I was in Boston delivering some baby furniture to my nephew. There is a sizeable branch of my family tree located in Boston, and they are all great fun. We enjoyed the hell out of it – well, maybe not the drive up, which involved navigating around every European’s favorite American city, NYC – and took advantage of the visit to hit the extraordinary Museum of Fine Arts for a too-short visit.
I love the MFA. It’s got a stunning collection, and its “new” wing (which is probably over 5 years old by now) must have doubled the size of the collection viewing space while preserving the façade of the former structure. I’ve been lucky enough to see collections of French impressionist paintings at many museums, but the MFA has a strong Monet collection, and we checked it out despite our jaded “we’ve seen a ton of this already” attitude. Well, it was, uh, impressive, and well worth the time. Here’s a non-typical Monet (the kimono painting) that captivated me:
Good stuff, right? Yeah, we all like the Parliament buildings, Giverney and water lilies, but that is one amazing painting that shows the expansiveness of Monet’s creativity. After Monet, we slid on over to the American collection because they have a great collection of John Singer Sargent’s paintings. JSS was American by birth, but like Whistler, lived most of his life in Europe. Hey, we’ll take him because his work is remarkable. I particularly like this painting, which loses something on the internet because of scale issues. Trust me, if you’re in Boston and you can peel yourself away from that city’s other treasures, take the time to check this out (called The Daughters of Edward Darley Boit):
Here’s a cool fact about that painting. The actual vases that were painted in the picture were obtained by the MFA, and are on display right next to the painting. It’s cool – sort of like going to Cezanne’s studio in Aix and seeing all of the props that he used in his paintings. It’s a glimpse of the real world that the artists lived in and memorialized in their work, but with an opportunity to study the objects themselves. And hey, if you are in Aix, a truly wonderful place, be sure to hike up past Cezanne’s studio to the little pocket park where he used to sit with his easel and paints and reproduce Mont Sainte Victoire, the prominent mountain dominating that part of Provence. It’s great.
Back in Boston, we moved on to the contemporary collection, which like most contemporary collections is hit-and-miss. Here are a couple of “hits” for me:
Both of these are from John Cederquist, an American artist living in Orange County, California. Kimono-style wood sculptures decorated with Japanese-style wave visuals. Readers of BRP know that I’m an ocean hound and just love the sea, particularly waves. I just read about Garrett McNamara conquering the largest surfable wave on the planet in Navarre, Portugal, and the story is just harrowing. I love the ocean, and have enormous respect for its power and beauty. Cederquist must share that love.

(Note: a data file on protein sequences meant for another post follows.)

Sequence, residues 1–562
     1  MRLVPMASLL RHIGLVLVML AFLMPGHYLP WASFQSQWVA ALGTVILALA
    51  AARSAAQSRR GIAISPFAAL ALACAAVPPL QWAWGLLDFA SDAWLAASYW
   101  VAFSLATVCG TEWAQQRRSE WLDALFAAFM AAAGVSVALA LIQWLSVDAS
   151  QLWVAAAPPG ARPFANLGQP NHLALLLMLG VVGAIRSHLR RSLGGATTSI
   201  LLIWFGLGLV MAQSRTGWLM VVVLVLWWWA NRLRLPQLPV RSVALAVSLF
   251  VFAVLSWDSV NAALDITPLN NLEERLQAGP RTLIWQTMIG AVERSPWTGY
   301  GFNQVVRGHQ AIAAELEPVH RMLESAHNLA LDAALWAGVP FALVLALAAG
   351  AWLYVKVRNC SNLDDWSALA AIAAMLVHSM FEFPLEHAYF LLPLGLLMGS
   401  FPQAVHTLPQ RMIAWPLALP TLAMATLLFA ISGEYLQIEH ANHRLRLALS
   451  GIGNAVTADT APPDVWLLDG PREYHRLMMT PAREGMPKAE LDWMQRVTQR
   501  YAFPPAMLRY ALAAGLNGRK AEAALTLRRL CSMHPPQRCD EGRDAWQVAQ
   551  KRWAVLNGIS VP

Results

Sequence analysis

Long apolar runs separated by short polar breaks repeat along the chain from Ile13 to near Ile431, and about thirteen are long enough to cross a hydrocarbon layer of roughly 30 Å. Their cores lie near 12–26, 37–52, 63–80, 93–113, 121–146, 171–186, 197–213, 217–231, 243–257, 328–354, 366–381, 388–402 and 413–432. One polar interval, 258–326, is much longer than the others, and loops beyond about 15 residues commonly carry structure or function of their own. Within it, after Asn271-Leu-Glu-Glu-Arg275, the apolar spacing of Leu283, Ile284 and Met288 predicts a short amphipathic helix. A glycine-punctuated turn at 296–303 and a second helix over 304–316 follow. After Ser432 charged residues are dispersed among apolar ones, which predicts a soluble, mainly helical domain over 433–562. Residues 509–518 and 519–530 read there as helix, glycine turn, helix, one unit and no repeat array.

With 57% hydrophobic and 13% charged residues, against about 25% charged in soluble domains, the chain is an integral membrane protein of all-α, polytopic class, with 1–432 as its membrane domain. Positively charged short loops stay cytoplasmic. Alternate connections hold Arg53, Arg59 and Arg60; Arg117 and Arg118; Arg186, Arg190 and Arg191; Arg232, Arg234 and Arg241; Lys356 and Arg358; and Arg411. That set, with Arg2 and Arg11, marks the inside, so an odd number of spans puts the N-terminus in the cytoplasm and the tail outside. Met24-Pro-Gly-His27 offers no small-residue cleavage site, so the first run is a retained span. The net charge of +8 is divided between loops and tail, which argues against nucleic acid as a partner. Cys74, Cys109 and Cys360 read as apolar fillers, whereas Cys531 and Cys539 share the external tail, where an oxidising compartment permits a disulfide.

And his kimonos are also cool to me because I’m pretty partial to Japan. That country is just amazing, with its unique mix of the ultra-modern and the very traditional, and it sports, without doubt, the best toilets on Earth – trust me, they are almost worth going all the way across the Pacific to experience them. But they’ll leave you with the very real sense that we’re living kind of a primitive existence in the U.S. Back to the kimonos, the combination of ocean and Japan was just irresistible for me, and I captured these photos to share with you in the hope that you also went “wow, those are great” or something probably more articulate (I didn’t exactly set the bar high).
The contemporary collection also had this photo:
How BRP is that? A gold covered tongue. Not the legendary silver tongue, but GOLD, baby, GOLD. And drool, too! I thought it was visually stunning, and have no idea what it is designed to represent. Nor was I smart enough to capture the photographer who took the picture – but if you are in Boston, go find out and let me know so that I can properly give attribution.
Here’s the final topic for this post:
That sculpture is outside the MFA’s Fenway entrance, and it looks to me like a large baby’s head. I thought, hmmm, a big head, how appropriate for BRP. Yeah, I don’t think that I have a big head. I think of myself as I truly am: salt of the earth, a man of the people, a humble dude. Why are you laughing? Did I say something funny? Well, anyway, it’s a big baby’s head and I thought it might be appropriate for showing you on BRP.
And with that, I’m back to my all-American middle class life. You know, typical man-of-the-people stuff like sitting on the couch watching pro wrestling on TV and eating a bag of Cheetos or maybe a monster bowl of ice cream. Did you know that I’m a huge ice cream guy? Oh baby, that’s a post for another day.
Rock on, my good friends.
My name is Bill, and I live in the greater Philadelphia area. I love music, and I have a lot of opinions. This site is primarily focused on music, but sometimes I get off track. I hope you enjoy.